On the previous post I said that George Rodrigue is primarily known for his Blue Dog paintings. It started when he was asked in 1980 to  illustrate a book of Louisiana ghost stories to be sold at the 1984 World’s Fair in New Orleans.

Slaughter House, Loup-garou Bleu, George Rodrigue (1983)

He researches regional myths and legends for imagery. He devotes three years to painting 40 canvases from story titles and themes. 

Meanwhile, author Chris Segura is writing 40 ghost stories for Bayou (Inkwell Press, 1984). Apparently, there was no collaboration between the two; Rodrigue didn’t read any of  the actual stories.

His wife Wendy said, “they are wrought with macabre literary vignettes, better illustrated by Hieronymus Bosch as opposed to George Rodrigue.”

But it was one story, Slaughter House, that launched an artistic phenomenon. The story tells (in the mildest and simplest possible summary) of an evil dog that guards a house. 

George used this opportunity to paint the loup-garou, a word translated from the French as ‘werewolf,’ and a story he heard often as a boy.

“Absolut Rodrigue” George Rodrigue (1993)

He uses a picture of the family dog as a model because he liked the shape. Wendy said after Bayou was published, she had a “desperate need to convince people” the loup-garou wasn’t remotely suggestive of their dog’s personality.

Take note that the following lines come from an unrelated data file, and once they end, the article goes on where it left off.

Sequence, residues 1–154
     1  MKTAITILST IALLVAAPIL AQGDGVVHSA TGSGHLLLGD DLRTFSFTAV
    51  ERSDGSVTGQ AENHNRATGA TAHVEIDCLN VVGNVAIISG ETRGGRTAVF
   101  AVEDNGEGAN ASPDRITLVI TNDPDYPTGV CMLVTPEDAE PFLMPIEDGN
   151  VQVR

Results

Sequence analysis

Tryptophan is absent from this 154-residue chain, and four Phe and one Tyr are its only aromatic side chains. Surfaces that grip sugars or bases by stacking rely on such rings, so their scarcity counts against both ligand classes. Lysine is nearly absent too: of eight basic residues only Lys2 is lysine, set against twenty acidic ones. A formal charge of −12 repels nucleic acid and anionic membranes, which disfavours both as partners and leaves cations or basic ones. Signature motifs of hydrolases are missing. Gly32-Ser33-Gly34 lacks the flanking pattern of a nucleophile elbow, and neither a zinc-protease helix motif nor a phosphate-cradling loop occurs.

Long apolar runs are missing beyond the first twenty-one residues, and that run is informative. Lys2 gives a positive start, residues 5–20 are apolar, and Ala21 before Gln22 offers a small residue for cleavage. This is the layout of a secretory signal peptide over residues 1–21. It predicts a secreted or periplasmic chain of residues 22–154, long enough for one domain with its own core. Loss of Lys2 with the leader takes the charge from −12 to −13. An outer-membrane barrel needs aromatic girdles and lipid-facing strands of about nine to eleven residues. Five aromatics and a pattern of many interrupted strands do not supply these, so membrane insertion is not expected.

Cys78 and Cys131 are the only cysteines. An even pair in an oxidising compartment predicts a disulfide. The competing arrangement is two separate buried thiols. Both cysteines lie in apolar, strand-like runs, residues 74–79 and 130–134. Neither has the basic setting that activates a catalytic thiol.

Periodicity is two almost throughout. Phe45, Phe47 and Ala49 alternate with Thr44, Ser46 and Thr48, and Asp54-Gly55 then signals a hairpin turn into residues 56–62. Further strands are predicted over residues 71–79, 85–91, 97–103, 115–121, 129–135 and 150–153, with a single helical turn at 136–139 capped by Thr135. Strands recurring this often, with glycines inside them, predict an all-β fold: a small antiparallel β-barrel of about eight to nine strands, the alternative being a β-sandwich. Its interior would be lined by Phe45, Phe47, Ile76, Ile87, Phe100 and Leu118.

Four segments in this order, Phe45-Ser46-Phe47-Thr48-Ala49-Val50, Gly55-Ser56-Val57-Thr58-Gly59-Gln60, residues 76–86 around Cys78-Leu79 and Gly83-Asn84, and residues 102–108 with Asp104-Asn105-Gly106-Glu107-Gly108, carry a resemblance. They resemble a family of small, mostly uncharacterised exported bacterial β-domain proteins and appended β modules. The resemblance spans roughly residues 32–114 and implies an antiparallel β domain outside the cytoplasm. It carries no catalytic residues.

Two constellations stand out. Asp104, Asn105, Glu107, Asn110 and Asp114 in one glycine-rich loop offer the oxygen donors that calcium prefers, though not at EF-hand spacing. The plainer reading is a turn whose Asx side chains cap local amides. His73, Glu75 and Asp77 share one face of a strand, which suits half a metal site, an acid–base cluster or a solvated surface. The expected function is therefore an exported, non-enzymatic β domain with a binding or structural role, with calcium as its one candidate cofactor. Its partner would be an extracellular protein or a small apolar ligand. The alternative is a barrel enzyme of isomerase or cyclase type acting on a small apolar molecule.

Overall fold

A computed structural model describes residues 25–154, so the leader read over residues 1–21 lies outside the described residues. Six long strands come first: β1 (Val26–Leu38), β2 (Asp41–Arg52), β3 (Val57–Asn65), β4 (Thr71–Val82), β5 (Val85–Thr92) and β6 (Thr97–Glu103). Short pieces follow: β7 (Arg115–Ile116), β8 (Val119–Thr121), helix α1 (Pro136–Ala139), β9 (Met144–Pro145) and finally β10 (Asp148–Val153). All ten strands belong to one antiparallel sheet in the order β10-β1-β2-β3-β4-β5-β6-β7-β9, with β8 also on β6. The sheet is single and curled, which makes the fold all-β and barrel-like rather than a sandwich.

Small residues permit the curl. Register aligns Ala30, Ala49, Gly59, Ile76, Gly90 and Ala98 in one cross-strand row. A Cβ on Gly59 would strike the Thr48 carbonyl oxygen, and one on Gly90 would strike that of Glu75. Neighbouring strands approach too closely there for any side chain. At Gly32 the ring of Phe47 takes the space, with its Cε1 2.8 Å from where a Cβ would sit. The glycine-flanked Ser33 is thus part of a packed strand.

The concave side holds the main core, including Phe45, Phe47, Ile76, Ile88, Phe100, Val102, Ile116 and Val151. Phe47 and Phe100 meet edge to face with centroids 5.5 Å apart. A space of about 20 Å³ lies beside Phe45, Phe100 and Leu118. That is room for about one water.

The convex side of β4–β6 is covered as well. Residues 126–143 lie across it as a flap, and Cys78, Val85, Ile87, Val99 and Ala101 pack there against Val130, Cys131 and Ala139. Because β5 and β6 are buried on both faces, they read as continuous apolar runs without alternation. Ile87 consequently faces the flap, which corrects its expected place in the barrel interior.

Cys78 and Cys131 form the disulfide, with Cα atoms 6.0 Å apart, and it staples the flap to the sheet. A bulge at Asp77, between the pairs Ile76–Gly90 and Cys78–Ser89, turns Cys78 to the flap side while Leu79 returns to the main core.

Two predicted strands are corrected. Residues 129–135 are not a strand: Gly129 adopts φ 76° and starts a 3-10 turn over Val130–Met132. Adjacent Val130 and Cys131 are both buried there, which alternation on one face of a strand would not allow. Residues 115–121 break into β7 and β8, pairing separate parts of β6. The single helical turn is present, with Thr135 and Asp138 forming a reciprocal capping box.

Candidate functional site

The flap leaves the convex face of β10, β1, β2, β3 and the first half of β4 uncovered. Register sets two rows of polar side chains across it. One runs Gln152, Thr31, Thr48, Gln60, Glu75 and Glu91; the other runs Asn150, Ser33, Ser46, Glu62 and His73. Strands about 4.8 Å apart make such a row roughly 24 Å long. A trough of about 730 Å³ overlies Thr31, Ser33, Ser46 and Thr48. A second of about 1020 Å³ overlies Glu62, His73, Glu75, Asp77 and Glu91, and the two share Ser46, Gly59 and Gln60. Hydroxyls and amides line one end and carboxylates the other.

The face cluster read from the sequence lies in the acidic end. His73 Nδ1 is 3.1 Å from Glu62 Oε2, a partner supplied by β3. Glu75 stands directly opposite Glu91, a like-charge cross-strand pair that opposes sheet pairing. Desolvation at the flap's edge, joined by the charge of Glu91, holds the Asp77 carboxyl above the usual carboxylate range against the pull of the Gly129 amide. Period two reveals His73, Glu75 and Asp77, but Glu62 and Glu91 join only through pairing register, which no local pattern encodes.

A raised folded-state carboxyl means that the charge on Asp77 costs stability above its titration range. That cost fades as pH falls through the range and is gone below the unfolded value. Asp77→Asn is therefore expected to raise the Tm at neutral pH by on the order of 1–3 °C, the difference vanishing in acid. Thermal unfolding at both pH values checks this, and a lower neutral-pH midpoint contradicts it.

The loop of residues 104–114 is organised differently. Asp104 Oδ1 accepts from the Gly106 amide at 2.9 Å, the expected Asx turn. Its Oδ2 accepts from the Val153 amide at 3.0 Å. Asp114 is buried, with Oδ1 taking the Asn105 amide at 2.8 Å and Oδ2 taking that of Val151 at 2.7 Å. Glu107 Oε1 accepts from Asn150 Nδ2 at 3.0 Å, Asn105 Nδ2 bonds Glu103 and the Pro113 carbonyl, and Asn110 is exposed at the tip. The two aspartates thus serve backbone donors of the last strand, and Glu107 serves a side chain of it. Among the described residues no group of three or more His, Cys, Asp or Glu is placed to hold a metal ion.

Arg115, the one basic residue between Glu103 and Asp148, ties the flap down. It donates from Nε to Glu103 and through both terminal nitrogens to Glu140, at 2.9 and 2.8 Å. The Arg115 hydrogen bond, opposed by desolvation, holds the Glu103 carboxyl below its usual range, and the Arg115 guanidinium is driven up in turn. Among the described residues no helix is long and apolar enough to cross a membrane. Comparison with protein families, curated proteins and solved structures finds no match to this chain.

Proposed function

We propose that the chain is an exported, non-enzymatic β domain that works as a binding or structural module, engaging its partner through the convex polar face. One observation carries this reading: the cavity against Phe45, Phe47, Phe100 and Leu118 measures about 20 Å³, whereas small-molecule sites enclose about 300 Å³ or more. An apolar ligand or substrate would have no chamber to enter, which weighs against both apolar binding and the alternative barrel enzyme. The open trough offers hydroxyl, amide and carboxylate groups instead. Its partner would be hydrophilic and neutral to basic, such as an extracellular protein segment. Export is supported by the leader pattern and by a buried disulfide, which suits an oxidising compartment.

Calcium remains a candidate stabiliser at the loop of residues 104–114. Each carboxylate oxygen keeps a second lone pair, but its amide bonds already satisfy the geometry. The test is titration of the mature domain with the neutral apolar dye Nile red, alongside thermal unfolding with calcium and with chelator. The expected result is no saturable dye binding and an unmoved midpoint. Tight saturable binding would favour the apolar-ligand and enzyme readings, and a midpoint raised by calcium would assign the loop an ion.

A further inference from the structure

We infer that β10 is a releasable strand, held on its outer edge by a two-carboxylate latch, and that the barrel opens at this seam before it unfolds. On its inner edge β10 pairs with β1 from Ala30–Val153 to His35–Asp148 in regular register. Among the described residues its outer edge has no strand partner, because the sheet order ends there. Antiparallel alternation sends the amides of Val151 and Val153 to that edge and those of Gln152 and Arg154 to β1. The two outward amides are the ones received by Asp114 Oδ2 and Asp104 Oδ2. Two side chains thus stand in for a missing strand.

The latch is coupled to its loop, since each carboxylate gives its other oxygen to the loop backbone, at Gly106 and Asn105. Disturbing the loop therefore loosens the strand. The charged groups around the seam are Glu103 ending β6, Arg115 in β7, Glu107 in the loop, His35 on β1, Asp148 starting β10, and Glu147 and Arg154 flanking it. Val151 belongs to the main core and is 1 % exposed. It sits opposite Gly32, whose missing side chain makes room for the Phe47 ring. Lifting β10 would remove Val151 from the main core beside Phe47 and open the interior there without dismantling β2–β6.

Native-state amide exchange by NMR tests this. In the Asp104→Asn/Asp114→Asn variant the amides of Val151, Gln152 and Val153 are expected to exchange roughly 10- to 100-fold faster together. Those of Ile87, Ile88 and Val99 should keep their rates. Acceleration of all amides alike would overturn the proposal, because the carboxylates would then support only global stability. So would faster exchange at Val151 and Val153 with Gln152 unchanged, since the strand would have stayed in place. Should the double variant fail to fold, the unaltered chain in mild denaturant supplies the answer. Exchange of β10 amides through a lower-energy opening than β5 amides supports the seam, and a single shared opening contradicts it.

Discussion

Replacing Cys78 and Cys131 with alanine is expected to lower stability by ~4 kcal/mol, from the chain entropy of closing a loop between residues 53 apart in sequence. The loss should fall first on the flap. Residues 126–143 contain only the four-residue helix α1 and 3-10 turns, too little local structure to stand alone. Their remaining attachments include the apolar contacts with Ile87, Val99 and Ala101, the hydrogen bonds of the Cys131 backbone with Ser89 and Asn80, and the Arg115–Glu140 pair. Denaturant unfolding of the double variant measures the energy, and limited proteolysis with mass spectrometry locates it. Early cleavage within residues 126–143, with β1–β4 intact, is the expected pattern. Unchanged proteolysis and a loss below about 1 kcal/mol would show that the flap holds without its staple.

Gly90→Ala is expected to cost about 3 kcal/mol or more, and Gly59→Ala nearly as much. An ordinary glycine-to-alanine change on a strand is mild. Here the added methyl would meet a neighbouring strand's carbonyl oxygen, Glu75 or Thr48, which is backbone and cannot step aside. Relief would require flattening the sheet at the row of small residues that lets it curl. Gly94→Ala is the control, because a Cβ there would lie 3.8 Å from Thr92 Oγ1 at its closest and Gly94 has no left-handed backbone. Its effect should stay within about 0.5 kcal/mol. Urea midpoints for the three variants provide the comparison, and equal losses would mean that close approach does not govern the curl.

Jump to 1992. Michel Roux of Absolut Vodka follows Rodrigue in his van. He commissions Rodrigue, on the spot,  to create an Absolut Louisiana for their Statehood campaign. Absolut Louisiana is the most successful painting in the 50-state series. The posters sell out in less than two hours. 

A year later, the Louisiana Blue Dog has widespread fame. Rodrigue is again commissioned by Roux to paint Absolut Rodrigue. It’s run as a full-page in hundreds of newspapers and magazines for the next two tears. By 1999, Absolute Rodrigue was one of the 16 best-selling Absolut art pieces, exceeding even Jean-Michel Basquiat

There’s more to tell, but to use Wendy’s phrase, “this is the loup-garou story in it’s mildest and most simple summary.” 

Washington Blue Dog, George Rodrigue

This is the blue dog picture I was talking about on the other post when I said, “there was an earlier mix-up when Rodrigue and Wendy first went to meet the Clintons, he was supposed to provide ‘prints appropriate as official state gifts from the Clinton White House.’ He created a special lithograph of his Washington Blue Dog, but Clinton cancelled the presentation because he thought Rodrigue was the instigator of Blue Dog democrats.”

And here’s the Blues Brothers. He painted two versions of it.

My Blues Brothers, George Rodrigue, 1995


NOTE: Absolut Vodka began its partnership with the arts in 1985. ABSOLUT WARHOL was the introductory piece.